The confluence of the Amazon competition and Opportunity Zones leads to an intriguing proposition. What if all cities that competed for Amazon used their bids to get smart about Opportunity Zones and entice tax advantaged capital for smart investments? What if all the coordination, focus, energy, and silo-busting that cities used to make an Amazon moonshot just became part of how cities do economic development? This would help cities, at a minimum, recoup the resources that were dedicated to preparing and marketing the bids. But it would also help cities create new ways of blending public, private and civic capital for similar projects like workforce housing, energy efficiency and the expansion of retail franchises and female- and minority-owned businesses.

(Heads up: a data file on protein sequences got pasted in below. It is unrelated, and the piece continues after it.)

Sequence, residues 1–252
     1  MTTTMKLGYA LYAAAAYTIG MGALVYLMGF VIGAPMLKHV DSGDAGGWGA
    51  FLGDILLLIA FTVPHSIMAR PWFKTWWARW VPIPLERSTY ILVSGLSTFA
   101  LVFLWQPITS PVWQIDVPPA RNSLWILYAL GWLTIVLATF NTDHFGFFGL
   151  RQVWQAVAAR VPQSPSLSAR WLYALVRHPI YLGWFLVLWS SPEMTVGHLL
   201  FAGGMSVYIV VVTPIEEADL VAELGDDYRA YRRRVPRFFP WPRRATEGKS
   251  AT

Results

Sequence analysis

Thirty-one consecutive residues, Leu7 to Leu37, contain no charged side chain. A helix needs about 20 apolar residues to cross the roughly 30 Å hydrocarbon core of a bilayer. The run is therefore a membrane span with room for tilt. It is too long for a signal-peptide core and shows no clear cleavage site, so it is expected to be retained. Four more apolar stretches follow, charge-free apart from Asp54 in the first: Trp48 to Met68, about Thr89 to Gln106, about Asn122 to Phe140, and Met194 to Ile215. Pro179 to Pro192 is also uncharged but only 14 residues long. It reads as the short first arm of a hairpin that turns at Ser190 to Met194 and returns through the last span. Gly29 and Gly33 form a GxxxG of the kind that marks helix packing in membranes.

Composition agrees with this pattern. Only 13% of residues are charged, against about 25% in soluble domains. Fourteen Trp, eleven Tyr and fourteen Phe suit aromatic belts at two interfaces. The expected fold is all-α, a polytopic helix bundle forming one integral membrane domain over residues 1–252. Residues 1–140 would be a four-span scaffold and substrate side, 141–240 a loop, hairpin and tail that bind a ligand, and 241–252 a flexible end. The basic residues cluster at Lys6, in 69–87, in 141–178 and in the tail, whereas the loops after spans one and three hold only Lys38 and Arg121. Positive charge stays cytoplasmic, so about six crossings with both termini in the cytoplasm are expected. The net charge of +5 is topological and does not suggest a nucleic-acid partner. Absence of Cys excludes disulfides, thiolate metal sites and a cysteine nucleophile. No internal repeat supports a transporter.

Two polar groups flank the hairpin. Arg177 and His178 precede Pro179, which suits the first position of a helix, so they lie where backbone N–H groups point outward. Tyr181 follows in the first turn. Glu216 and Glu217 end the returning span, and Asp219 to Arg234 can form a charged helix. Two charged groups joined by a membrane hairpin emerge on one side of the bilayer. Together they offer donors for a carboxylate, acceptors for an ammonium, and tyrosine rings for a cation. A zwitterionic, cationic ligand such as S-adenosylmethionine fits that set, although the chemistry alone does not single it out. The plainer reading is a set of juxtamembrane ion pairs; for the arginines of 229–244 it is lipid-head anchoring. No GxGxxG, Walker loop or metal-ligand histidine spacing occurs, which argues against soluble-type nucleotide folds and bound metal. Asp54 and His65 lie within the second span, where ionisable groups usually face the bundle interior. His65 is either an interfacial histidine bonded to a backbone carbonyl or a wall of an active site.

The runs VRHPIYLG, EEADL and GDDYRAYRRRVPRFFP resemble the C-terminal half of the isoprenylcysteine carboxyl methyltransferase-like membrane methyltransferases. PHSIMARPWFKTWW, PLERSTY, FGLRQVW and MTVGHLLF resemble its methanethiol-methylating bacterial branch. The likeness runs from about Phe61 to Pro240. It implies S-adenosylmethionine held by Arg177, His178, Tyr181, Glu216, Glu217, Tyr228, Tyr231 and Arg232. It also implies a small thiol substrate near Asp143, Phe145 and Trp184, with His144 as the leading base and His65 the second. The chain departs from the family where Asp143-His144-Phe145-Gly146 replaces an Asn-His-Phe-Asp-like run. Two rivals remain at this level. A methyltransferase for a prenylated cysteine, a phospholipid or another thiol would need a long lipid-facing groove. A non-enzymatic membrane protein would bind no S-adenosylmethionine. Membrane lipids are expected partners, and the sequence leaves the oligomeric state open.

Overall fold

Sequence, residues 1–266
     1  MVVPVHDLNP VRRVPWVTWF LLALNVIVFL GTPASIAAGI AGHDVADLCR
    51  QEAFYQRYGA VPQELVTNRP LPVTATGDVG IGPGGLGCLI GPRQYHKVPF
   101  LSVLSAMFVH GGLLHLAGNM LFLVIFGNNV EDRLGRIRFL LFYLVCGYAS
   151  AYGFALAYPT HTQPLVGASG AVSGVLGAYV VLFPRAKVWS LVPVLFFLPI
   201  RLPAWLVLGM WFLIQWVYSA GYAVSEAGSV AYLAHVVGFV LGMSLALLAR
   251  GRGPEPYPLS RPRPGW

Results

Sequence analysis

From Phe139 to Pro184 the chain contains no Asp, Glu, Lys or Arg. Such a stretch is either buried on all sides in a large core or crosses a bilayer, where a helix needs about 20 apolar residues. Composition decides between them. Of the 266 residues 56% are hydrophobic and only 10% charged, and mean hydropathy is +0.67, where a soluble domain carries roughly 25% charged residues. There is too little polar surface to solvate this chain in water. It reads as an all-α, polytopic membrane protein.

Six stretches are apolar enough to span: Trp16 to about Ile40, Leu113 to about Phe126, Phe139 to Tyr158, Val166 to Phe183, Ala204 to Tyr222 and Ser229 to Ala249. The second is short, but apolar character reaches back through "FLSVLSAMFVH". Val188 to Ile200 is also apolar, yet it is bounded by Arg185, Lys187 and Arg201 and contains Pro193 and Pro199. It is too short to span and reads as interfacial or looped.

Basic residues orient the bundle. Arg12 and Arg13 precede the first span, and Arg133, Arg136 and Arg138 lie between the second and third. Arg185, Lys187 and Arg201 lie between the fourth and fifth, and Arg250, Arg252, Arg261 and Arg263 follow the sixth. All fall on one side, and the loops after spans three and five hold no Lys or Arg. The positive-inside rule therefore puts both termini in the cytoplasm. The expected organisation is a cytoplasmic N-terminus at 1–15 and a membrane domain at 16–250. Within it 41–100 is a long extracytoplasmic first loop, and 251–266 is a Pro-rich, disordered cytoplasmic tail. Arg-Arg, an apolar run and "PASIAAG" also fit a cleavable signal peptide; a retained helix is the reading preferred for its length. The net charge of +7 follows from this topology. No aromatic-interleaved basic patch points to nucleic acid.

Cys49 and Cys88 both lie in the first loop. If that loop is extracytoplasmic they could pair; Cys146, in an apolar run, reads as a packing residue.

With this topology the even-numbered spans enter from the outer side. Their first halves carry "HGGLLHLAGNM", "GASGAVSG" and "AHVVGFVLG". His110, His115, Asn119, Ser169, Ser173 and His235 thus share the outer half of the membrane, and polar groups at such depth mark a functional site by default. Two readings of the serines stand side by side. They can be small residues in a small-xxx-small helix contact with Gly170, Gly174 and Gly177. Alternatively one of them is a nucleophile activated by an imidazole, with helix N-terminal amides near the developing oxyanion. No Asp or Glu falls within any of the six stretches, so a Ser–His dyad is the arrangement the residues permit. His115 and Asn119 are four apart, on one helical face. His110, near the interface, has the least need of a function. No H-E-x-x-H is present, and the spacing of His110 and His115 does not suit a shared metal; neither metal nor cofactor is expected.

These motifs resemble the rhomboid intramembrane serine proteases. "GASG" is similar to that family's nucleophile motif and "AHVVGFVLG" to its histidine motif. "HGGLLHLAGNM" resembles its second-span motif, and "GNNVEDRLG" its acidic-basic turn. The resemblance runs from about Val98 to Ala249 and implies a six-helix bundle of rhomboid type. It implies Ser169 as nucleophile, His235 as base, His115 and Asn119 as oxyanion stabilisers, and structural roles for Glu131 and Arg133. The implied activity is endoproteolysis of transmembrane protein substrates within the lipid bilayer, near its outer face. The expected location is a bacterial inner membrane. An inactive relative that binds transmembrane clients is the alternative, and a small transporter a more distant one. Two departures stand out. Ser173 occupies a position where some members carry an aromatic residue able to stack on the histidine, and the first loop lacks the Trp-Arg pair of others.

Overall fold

In practical terms, the conversion from Amazon to Opportunity Zones would require cities to take five clear steps:

1. Continue Collaboration

Amazon bids were a product of intense collaboration across multiple institutions and sectors. Opportunity Zones similarly require collaboration across sectors to set priorities, mobilize capital and maximize economic and social impact. What if the Amazon teams morphed into Opportunity Zone Task Forces with the sole focus of maximizing the economic and social impact of this tax incentive in well-defined roles that fit each partner’s expertise?

2. Define Assets